Last week Family Capital looked at five risks for family offices, with one being the problem of longevity of such organisational structures. Recent research from two academics from University of St Gallen’s Center for Family Business looked at the issue of preserving wealth over generations. It suggested some interesting conclusions.
The two academics – Thomas Zellweger and Nadine Kammerlander – highlight the difficulties families often have keeping multi-generational family wealth together. As family businesses move from one generation to another complexities evolve that can often lead to family feuds, which can easily destroy the firm and also the family wealth.
A way of possibly defusing these difficulties is to set up family constitutions, councils, and so on. But the authors say these come with problems like failure to adequately cover business topics, or they aren’t legally binding.
So families often decide to separate the family from its assets by setting up an institutional structure like an embedded family office, separate family office, or trust structure.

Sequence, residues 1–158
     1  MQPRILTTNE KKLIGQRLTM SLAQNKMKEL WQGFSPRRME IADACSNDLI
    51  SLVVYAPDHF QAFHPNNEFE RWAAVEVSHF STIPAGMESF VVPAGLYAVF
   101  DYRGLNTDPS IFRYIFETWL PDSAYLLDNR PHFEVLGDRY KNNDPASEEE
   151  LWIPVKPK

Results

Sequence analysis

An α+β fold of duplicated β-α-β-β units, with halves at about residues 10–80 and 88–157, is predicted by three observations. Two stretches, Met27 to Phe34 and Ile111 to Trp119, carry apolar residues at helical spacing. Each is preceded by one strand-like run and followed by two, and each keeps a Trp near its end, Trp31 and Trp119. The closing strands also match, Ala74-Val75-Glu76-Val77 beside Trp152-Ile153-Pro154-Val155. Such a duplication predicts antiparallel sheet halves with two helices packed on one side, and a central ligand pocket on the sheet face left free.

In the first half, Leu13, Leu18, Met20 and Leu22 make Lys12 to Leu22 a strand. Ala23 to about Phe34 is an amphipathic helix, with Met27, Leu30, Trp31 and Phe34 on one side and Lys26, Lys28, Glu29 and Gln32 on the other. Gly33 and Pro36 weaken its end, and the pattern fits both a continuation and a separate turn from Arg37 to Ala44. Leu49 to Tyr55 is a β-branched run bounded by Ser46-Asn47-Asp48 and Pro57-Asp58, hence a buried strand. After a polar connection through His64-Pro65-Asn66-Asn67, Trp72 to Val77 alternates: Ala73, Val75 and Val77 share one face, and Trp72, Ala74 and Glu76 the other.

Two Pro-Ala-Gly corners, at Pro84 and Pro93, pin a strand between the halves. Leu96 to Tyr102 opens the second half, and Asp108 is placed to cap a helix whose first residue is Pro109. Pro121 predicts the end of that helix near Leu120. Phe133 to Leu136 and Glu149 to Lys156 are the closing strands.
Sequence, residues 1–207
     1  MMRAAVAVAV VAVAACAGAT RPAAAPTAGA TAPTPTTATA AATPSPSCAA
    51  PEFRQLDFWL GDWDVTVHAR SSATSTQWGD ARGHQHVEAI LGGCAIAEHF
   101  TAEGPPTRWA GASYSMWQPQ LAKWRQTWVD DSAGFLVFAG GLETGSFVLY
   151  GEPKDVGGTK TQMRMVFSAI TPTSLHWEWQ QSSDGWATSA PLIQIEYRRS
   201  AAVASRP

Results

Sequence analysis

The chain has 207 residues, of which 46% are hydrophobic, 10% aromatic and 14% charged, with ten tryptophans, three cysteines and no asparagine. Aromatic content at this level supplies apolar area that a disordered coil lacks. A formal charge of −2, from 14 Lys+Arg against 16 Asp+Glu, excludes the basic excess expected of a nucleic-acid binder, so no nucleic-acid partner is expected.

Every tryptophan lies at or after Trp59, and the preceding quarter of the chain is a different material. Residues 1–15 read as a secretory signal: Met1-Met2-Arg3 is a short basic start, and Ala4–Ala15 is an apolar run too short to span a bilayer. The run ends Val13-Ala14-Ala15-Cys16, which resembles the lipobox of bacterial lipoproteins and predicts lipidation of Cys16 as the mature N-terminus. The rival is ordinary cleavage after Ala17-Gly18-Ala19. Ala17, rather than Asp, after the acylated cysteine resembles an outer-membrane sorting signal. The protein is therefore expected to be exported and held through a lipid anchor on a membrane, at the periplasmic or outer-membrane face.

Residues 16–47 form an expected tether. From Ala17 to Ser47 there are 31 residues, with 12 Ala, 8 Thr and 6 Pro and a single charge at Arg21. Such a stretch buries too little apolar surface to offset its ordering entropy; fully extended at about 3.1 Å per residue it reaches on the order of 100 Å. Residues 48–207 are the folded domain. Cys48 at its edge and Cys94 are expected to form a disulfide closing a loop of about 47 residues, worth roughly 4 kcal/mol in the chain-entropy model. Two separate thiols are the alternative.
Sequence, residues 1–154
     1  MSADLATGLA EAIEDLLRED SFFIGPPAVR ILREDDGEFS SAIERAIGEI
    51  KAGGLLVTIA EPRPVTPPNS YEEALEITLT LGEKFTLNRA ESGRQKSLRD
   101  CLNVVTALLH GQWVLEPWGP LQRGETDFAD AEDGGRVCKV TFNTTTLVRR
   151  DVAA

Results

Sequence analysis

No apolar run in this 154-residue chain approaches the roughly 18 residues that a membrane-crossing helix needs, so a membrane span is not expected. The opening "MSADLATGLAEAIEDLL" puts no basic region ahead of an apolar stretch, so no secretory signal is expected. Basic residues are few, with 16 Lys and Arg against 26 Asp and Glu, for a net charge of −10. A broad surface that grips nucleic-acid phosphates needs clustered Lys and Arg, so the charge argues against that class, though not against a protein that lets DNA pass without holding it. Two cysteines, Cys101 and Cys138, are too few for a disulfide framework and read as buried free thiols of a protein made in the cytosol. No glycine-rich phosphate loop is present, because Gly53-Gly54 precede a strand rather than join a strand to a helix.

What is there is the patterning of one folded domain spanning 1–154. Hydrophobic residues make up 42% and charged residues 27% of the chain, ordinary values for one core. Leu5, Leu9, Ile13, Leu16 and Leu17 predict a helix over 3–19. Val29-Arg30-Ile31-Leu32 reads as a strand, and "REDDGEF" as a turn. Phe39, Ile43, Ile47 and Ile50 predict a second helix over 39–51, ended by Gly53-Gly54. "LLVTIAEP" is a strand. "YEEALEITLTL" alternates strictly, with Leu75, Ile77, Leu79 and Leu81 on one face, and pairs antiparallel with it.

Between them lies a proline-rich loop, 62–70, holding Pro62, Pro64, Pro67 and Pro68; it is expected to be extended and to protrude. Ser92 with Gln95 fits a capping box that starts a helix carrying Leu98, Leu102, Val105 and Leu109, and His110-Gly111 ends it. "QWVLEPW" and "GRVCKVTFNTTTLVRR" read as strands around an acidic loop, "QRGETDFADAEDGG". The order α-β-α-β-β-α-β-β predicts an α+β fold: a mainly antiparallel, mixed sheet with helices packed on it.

But these come with problems, too, say the academics. “Whenever families aim to solve conflicts by hiring an external expert, the so called ‘double-agency conflicts’ might arise – the more separation between family and assets, the more leeway the fiduciary has to work according to his or her own benefits.”
The academics reckon that possibly the best way forward is a combination of strategies. “Several solutions probably work best,” says Kammerlander. “But what is probably more important than anything it to ensure institutional structures that have been set up are transparent.”
She adds that too many times such structures are complex and may be only understood by the individual who set it up. This can cause difficulties when the wealth is passed onto the next generation.
Kammerlander thinks that a good example of a structure that works well for the family as well as being relatively transparent has been set up by the Jacobs family in Switzerland, which among other business interests own a big stake in the recruitment group Adecco.
“They have a combination of a family office and trust structure to combine the advantages of the two,” she says. “But the structure is very transparent – for example, they don’t have lots of different layers of holdings owning other holdings, as well as just one family office and one trust.”
As so often, the enemy of wealth is too much complexity. Or as the American Navy’s so-called KISS principle states: “Keep it simple, stupid”.